Gandhi’s concept of sva-raj (“self-rule”), a combination of political independence and spiritual liberation, had three distinct components:
- Independence from British rule with civil liberties founded on ahimsa. The emphasis on ahimsa reflects the influence of the Jain religion, and yoga, in his native state of Gujarat.
- Spiritual liberation through pursuit of self-knowledge as the basis for “unity in diversity” to afford political and social harmony in a multicultural society (of 22 major languages and 8 major religions plus tribal folk beliefs). The vehicle of self-knowledge — and unity as an expression of non-duality — demonstrates the influence of Vivekananda’s Advaita Vedanta.
- Political independence must be in exact proportion to spiritual liberation to prevent fear of the British. Ahimsa depends on satyagraha (“grasping the truth”) and sarvodaya (“compassionate welfare of all”).
To act in accord with ahimsa requires restraint. Compassion, fearlessness, and non-attachment all serve ahimsa and protect those who are nonviolent.
© 2017 Bruce M. Roger, Certified Iyengar method instructor
 Gandhi’s goal was to convert his so-called enemy without coercion: “Ahimsa is intended and expected to convert rather than coerce the wrongdoer…. Ahimsa… [includes] the acceptance of personal discomfort and tribulations… [and] helping the wrongdoer by nonviolent resistance to his wrong doing.” [Raghavan Narasimhan Iyer, The Moral and Political Thought of Mahatma Gandhi, Oxford University Press, 1973. P. 183]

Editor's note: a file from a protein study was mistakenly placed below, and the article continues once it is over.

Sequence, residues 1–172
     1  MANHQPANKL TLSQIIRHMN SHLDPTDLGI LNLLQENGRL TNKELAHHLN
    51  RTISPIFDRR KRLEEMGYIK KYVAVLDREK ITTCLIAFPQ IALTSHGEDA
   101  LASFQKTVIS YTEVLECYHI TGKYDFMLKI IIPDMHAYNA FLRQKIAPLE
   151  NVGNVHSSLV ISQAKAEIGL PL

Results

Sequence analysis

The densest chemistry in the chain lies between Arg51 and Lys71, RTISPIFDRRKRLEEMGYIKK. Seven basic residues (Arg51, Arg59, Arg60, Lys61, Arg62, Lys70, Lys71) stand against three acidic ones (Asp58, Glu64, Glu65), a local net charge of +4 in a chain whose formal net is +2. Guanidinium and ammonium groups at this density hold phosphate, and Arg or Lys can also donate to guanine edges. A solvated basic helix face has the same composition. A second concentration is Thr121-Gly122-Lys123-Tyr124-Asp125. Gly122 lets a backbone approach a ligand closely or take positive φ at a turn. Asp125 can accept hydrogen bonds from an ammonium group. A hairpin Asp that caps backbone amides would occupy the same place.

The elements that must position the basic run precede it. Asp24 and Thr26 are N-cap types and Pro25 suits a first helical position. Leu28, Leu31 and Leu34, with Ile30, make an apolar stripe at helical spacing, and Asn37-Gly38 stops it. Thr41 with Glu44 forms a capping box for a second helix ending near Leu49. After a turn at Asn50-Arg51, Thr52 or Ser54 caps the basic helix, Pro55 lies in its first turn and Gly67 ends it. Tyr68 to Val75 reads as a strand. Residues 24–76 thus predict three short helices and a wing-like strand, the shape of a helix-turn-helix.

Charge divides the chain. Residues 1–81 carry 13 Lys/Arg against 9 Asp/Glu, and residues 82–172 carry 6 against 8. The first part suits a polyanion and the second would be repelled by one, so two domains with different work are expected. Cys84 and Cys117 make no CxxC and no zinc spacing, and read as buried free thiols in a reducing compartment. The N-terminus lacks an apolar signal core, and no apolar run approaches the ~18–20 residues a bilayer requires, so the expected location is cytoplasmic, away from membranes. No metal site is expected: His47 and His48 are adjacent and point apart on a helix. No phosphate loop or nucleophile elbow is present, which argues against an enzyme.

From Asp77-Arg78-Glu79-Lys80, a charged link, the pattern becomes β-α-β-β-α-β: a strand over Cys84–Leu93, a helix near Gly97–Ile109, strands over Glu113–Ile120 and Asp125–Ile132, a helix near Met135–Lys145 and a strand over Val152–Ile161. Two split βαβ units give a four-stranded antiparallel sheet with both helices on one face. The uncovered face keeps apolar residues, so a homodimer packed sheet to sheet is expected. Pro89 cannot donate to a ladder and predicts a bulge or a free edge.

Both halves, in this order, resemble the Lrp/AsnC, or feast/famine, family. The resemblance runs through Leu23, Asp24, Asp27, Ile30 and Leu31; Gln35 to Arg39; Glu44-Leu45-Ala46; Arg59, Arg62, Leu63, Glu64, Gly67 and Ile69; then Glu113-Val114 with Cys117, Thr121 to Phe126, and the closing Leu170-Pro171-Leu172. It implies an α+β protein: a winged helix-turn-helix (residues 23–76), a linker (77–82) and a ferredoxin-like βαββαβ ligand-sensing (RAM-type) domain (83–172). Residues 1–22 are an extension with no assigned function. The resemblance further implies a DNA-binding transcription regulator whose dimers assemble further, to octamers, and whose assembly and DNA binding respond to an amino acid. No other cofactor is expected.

Dr. Martin Luther King, Jr., Remarks in Acceptance of the NAACP Spingarn Medal, 28 June 1957.
 In Vishnu Purana 2.1.4, the battling gods and demons formed an alliance to churn the Sea of Milk in order to attain amrta, the nectar of immortality (cognate: ambrosia). Vasuki, the king of serpents from Lord Shiva’s neck was looped around the churning rod of Mount Mandara, the demons pulling the head, and the gods the tail. But, before amrta could be produced, the deadly poison of halahala escaped to threaten all creation. To save the universe, Lord Shiva himself consumed the poison, which turned his throat blue. Thereafter he was described as Neela-kantha (“blue-throat”). When amrta, the last of fourteen treasures, was finally brought up, the gods and demons fought to possess it. At the request of the gods, Lord Vishnu assumed the form of beautiful Mohini (“enchantress”) and tricked the demons into giving her the amrta for the gods.
 Dennis Dalton, Mahatma Gandhi: nonviolent power in action, NY: Columbia Univ, 1993. p. 38